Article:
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Structures involved in posterior tibial tendon dysfunction

Discussion in 'Biomechanics, Sports and Foot orthoses' started by NewsBot, Apr 27, 2012.

  1. NewsBot

    NewsBot The Admin that posts the news.


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    Posterior tibial tendon dysfunction: what other structures are involved in the development of acquired adult flat foot?
    Herráiz Hidalgo L, Carrascoso Arranz J, Recio Rodríguez M, Jiménez De La Peña M, Cano Alonso R, Alvarez Moreno E, Martínez De Vega Fernández V.
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  2. Admin2

    Admin2 Administrator Staff Member

  3. David Smith

    David Smith Well-Known Member

    Oh yeah, like if you arrive home and examine the fridge and its crushed and you notice that most of the bricks are not joined together and the stairway leads up to a gaping hole and the bathroom is in the garden then I can corroborate the association between these findings and your house falling down. Knowledge of this association can be useful in reaching for a bottle of scotch.:bang:

    Dave Smith
     
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    Could Failure of the Spring Ligament Complex Be the Driving Force behind the Development of the Adult Flatfoot Deformity?
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    Comparison of Deformity with Respect to the Talus in Patients with Posterior Tibial Tendon Dysfunction and Controls Using Multiplanar Weight-Bearing Imaging or Conventional Radiography
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    Imaging of Adult Flatfoot: Correlation of Radiographic Measurements With MRI.
    Lin YC, Mhuircheartaigh JN, Lamb J, Kung JW, Yablon CM, Wu JS.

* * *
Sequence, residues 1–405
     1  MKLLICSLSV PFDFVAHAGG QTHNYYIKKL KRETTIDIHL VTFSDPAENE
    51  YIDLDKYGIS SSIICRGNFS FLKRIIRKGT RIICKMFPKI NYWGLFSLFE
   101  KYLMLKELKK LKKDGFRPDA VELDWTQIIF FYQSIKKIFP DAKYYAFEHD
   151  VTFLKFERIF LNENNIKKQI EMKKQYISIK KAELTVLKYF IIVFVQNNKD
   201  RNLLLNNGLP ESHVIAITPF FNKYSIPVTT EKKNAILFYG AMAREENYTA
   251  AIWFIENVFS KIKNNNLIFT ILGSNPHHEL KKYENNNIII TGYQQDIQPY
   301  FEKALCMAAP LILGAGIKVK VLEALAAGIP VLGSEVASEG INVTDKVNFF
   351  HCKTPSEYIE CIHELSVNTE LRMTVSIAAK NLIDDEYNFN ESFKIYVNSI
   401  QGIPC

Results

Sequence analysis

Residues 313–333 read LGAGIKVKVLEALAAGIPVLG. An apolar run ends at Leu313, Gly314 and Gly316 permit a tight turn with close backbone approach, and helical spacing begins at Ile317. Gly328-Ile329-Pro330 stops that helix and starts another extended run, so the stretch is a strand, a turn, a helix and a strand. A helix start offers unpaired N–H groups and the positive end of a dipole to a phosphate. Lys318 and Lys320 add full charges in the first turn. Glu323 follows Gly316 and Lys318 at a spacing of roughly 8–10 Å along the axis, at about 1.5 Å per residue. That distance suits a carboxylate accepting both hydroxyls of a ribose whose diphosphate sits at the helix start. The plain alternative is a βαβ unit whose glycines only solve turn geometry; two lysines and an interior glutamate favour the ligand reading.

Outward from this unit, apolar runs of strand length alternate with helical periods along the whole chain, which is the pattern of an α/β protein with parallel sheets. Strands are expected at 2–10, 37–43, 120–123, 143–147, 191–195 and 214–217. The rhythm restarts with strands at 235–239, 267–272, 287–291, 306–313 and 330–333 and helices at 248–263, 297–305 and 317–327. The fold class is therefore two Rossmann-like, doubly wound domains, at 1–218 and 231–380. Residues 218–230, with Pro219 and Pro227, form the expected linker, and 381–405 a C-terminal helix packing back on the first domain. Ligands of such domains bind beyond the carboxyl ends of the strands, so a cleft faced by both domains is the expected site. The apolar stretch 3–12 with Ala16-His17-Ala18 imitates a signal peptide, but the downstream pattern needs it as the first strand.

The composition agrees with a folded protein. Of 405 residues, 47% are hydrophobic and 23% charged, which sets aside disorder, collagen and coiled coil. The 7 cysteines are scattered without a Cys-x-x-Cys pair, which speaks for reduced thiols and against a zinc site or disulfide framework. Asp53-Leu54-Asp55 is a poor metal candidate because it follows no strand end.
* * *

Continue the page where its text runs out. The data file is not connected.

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    Measurement of radiological parameters and Logistic regression analysis for adult acquired flatfoot
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    Weight-bearing three-dimensional computed tomography analysis of the forefoot in patients with flatfoot deformity
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  16. NewsBot

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  18. NewsBot

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  19. efuller

    efuller Well-Known Member

    If you just did a little free body diagram analysis.... The tendon passes mostly medial to the joint and not plantar. Yes, there are some slips that go plantar, but they don't slide relative to the other attachments on the medial side of the navicular. When there is tension in the posterior tibial tendon you directly create an adduction moment on the forefoot. There will also be an STJ supination moment. The supination moment will tend to shift the force on the forefoot more laterally. So, with PT muscle weakness you loose that lateral shift of ground reaction force. If the patient has enough range of motion of eversion they will have high loads on the medial forefoot. These high medial forefoot loads are what causes the medial column faulting that is often seen with PT dysfunction.

    Eric
     
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